What does “Aggravation” mean?
When we start to talk about aggravation of pre-existing arthritis, this is another level beyond exacerbation. Aggravation, in the minds of most physicians, means you have somehow worsened a pre-existing condition. This does not mean the work injury actually pathologically changed the diagnosis and location of arthritis; it just made it worse somehow. When the patient has had multiple types of treatment and weeks of therapy, and the end result is the worker being no better off six weeks later than they were at the time of the injury, doctors will lean towards using an “aggravation” diagnosis since the worker has failed to improve with conservative treatment.
In the world of work comp, this is worrisome to the adjuster. The general public has never had an MRI for fun, and once they get an MRI for the first time it will probably show a handful of arthritic problems, usually most of which aren’t traumatic in nature. The worker will tell the adjuster “I never had any back problems prior to my injury at work, so work must have caused all of these issues,” That is not exactly 100 percent true, since most forms of work do not actually cause arthritis in multiple levels of the spine, but a work incident can flare them up so bad that it is hard to get them to calm back down.
Useful again is our friend the IME. Adjusters will turn to an IME doctor to ask if any ongoing pain or problems stem from said injury, and if the IME doctor does relate it back to the injury, what treatment is needed to calm it back down to where the worker is functional again like they once were? Truthfully, only the injured worker knows what degree of back problems they had prior to this injury. We all get sore and have aches and pains. But, we all do not run out to get MRIs and track the progress of our issues, unless you do have some actual serious medical problems going on that are not occupational in nature.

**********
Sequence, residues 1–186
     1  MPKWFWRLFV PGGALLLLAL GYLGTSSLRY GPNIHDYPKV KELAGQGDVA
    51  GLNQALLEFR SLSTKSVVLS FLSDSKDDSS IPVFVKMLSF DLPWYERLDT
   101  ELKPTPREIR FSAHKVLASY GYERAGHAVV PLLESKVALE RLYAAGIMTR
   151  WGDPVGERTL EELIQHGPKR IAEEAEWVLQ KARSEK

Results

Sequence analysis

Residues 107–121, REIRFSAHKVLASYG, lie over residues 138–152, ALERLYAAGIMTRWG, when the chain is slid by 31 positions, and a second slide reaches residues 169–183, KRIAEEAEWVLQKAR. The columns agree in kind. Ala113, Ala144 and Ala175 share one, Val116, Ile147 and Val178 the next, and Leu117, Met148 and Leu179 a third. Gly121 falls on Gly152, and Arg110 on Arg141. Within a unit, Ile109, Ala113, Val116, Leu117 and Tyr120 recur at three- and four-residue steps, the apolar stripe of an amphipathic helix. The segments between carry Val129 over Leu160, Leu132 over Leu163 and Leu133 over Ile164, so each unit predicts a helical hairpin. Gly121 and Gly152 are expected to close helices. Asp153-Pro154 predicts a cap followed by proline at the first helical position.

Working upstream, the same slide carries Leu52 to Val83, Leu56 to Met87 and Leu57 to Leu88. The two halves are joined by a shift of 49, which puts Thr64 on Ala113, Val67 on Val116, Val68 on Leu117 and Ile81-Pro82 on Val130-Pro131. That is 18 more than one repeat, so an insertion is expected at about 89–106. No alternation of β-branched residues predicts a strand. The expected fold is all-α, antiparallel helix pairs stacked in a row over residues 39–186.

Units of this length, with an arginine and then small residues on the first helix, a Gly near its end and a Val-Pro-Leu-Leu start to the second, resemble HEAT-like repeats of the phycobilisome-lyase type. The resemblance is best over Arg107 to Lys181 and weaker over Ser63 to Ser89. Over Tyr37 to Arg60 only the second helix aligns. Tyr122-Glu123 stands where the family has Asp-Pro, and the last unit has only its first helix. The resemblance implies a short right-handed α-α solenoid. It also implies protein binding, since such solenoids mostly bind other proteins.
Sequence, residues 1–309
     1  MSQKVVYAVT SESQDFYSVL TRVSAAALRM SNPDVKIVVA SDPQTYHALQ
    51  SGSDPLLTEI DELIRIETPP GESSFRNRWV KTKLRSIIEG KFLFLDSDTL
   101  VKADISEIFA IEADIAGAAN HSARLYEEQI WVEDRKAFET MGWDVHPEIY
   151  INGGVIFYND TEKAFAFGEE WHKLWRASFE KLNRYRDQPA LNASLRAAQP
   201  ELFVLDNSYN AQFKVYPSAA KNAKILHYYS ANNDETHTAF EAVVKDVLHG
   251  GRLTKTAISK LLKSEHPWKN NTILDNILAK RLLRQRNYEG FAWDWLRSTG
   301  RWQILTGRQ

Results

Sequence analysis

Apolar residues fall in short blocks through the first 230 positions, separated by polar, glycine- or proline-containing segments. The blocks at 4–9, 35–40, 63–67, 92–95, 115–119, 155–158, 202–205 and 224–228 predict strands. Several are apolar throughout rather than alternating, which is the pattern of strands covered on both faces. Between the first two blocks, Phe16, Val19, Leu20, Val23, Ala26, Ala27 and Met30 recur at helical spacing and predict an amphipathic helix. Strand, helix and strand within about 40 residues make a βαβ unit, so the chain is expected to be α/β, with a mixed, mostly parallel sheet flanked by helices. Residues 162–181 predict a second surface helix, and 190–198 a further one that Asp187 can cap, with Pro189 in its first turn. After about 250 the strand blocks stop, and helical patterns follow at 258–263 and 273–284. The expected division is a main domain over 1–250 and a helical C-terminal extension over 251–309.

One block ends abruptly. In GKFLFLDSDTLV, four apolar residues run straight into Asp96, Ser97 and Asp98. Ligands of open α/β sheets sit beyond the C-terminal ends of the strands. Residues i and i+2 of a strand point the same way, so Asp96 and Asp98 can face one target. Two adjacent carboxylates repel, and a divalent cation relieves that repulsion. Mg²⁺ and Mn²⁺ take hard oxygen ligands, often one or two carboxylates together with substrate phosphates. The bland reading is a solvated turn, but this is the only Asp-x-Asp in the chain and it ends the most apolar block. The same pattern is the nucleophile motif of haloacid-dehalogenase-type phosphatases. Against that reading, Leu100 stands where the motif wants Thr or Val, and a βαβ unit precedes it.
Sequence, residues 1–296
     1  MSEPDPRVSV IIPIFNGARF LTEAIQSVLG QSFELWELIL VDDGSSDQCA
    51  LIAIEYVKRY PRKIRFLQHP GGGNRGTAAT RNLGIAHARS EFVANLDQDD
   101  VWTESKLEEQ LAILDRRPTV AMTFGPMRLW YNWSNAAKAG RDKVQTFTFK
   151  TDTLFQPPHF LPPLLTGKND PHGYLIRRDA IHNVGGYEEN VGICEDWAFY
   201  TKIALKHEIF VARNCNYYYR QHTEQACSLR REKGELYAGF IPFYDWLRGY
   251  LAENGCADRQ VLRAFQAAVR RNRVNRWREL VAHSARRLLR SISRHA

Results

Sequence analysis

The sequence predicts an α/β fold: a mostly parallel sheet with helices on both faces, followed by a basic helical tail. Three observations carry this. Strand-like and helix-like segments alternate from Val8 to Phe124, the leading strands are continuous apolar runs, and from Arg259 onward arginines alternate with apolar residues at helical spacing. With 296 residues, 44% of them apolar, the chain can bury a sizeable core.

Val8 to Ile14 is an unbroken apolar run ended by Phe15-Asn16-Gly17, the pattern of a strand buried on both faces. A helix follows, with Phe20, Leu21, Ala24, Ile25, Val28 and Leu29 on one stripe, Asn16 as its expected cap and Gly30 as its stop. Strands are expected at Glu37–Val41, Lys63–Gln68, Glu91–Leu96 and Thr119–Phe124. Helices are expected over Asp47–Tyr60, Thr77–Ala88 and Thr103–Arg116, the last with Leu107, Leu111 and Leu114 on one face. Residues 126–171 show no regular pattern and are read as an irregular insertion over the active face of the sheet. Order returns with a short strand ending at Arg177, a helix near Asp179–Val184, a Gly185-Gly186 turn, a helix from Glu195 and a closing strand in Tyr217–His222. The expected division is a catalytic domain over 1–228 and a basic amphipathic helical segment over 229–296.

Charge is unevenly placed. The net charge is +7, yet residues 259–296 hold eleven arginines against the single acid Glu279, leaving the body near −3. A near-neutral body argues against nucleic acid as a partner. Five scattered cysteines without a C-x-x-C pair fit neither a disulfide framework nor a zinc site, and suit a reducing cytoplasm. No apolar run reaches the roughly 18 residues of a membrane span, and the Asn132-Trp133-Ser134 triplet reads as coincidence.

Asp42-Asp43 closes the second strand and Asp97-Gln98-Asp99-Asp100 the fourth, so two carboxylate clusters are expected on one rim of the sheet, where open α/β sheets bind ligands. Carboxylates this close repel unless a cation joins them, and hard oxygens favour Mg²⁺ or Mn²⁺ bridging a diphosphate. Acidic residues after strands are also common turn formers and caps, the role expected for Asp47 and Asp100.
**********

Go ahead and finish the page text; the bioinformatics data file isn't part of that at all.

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This issue is from the adjuster’s standpoint. Some strain-type injuries will be compensable, and carriers will be on the hook to provide some medical care for these injured workers, if the claim is compensable. But as the worker fails to get better, the adjuster will dig deeper and see what issues are present on X-ray or MRI that are not occupational in nature. Then they have to turn to the doctors to ask, “Given the level of pre-existing arthritis in this worker’s spine, is this an exacerbation, or an aggravation, of this present arthritis? Do they need further treatment for their work injury or are the ongoing symptoms not occupational in nature? If there is an exacerbation, what further treatment is needed and for how long? If it is an aggravation, how is the pre-existing condition aggravated and how can you prove that using objective medical evidence?”